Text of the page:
Documentary film “Gunda”, which is finally released in South Korean theaters in this week, gives us a seemingly plain but ultimately extraordinary look into animal life at farm. Mainly revolving around one particular sow and her piglets, the documentary has a number of visually stunning moments to engage and then impress you, and the overall result is simply mesmerizing to say the least.
During the opening scene, the documentary, which is incidentally shot in crisp black and white film, gradually intrigues us as the camera patiently stares at the opening of that sow’s residence from its static position. At first, the sow seems to be sleeping alone in her place, but then we come to notice some small movements inside her place, and then we eventually come to see a bunch of little piglets born from her. Like any other young animals, these piglets are usually driven by their constant hunger, and we soon come to observe them voraciously and mindlessly sucking their mother’s tits.
As watching how closely the camera stays around the sow and her piglets, I naturally wondered how the hell director Viktor Kossakovsky, who also serves as the co-editor/co-cinematographer of his documentary, and his crew members could generate such a considerable amount of verisimilitude on the screen. I am sure that they prepared and then shot a lot as steadily hovering around the sow and her piglets, but many of key moments in the documentary are done so smoothly and precisely on the whole that I became all the more curious about the skills and efforts put into these remarkable moments.
Anyway, Kossakovsky and his crew did a commendable job of immersing us into the daily life of their animal subjects without anthropomorphizing them at all. Although those piglets in the documentary may look a bit cute and fragile to us at first, they are far less amiable than that little pig in “Babe” (1995) as often following their basic animal instincts, and this unsavory aspect of theirs is quite apparent especially when they fiercely competing for their mother’s milk. In case of their mother, she may have some motherly instincts as expected, but she usually does not seem to care that much about her piglets, and you may wince for what she does to one of her piglets at one point early in the documentary.
During the two interludes where it pays some attention to some other animals in the farm, the documentary generates more curiosity and fascination for us. In the first interlude, the camera initially looks at a bunch of chickens getting out of their wooden container one by one, and we are amazed again as noticing how closely the camera watches these chickens without much distraction. Like the sow and her piglets, the chickens are somehow not aware of the camera that much, and we become more aware of the environment surrounding them as the camera stays as low as the feet of the chickens.
One particular rooster happens to draw more attention from us due to his rather shabby appearance, and, to our little amazement, it turns out to have a considerable physical disability which does not seem to bother him at all. During the one memorable scene where he has to cross over a little lug, all he has to do is trying a bit harder than other chickens, and that surely brings some amusement for us.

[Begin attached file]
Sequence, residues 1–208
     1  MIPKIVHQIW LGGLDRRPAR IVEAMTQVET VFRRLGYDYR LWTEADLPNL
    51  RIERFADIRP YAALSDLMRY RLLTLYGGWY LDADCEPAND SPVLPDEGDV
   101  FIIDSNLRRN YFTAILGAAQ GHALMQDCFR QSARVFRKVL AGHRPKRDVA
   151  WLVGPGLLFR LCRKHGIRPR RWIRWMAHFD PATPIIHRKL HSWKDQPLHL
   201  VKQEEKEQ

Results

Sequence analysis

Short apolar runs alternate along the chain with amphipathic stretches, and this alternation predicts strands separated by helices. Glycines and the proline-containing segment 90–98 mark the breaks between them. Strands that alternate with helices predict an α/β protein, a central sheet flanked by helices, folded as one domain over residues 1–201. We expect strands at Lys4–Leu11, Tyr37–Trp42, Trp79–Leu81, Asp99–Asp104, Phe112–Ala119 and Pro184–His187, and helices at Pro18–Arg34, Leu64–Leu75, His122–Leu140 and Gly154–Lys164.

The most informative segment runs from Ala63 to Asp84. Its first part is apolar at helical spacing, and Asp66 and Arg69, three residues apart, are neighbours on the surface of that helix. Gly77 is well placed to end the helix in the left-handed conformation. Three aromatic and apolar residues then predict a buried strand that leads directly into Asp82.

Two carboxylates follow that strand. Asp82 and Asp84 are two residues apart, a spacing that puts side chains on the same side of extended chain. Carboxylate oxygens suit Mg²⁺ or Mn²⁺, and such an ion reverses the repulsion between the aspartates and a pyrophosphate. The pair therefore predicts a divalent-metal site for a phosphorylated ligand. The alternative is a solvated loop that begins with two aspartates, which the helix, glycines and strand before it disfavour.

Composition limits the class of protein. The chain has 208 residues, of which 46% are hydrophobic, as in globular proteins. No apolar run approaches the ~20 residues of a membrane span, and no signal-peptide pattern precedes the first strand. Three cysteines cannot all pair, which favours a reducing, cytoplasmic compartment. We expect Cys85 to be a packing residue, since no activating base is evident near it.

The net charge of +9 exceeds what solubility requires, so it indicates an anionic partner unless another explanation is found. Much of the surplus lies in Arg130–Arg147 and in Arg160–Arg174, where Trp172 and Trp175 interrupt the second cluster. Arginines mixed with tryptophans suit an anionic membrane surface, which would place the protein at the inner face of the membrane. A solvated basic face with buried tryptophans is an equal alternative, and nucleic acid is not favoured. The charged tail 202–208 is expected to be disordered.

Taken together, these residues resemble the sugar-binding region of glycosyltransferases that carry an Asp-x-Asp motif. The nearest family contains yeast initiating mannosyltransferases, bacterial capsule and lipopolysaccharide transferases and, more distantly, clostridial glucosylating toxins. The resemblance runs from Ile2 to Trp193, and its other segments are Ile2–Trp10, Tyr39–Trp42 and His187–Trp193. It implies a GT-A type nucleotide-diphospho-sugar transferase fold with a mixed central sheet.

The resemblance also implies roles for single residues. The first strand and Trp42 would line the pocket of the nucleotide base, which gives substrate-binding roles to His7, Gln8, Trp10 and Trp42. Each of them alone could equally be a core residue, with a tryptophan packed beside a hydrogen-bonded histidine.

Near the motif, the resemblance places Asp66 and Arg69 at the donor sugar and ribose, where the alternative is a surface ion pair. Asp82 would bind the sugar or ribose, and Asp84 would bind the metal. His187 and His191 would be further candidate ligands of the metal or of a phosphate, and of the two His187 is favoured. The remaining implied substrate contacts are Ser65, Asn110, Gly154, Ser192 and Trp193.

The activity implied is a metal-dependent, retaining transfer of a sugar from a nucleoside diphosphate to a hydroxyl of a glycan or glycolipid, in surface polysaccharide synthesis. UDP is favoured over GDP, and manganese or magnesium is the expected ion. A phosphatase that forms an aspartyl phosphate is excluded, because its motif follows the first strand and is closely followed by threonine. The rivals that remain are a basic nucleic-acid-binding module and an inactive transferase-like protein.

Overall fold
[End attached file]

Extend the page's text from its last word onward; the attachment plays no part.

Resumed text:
In case of the other interlude, the camera initially beholds a bunch of cattle coming out of a barn, and then it comes to focus more on two particular cows. Although they look merely plain without anything special to notice, we come to reflect more on the main purpose of their and other cows’ existence, but their minds are probably focusing on eating and living as usual, and I am now reminded of what W.G. Sebald once said: “Men and animals regard each other across a gulf of mutual incomprehension.”
When the documentary later goes back to the sow and the piglets, the piglets grow up a lot, though they are still eager to drink their mother’s milk as before. It is apparent that they become more inconvenient to their mother, and there is a brief amusing scene where she finally comes to have her own little private time as enjoying a bit of mud bath alone.
Although we do not see much of human presence throughout the documentary, the documentary never overlooks how the animals in the documentary are raised and controlled by whoever works in the farm, and this becomes all the more apparent during what can be regarded as the most dramatic moment in the documentary. Regardless of whatever is actually felt by her, the sow seems to be quite baffled and upset as trudging here and there for a long time, and the mood becomes quietly intense as the documentary simply observes her reactions and behaviors without losing any of its calm and objective attitude.
Overall, “Gunda” is a superlative documentary to be admired for its top-notch technical aspects as well as its thoughtful presentation of its unforgettable animal subjects. Without sentimentalizing or objectifying these animals at all, the documentary will leave considerable impression on you, and you may come to muse more on our relationship with livestock animals. Unless there is any groundbreaking industrial revolution, we will continue to depend on what they have provided us for many centuries, and they surely deserve some more respect and consideration, don’t they?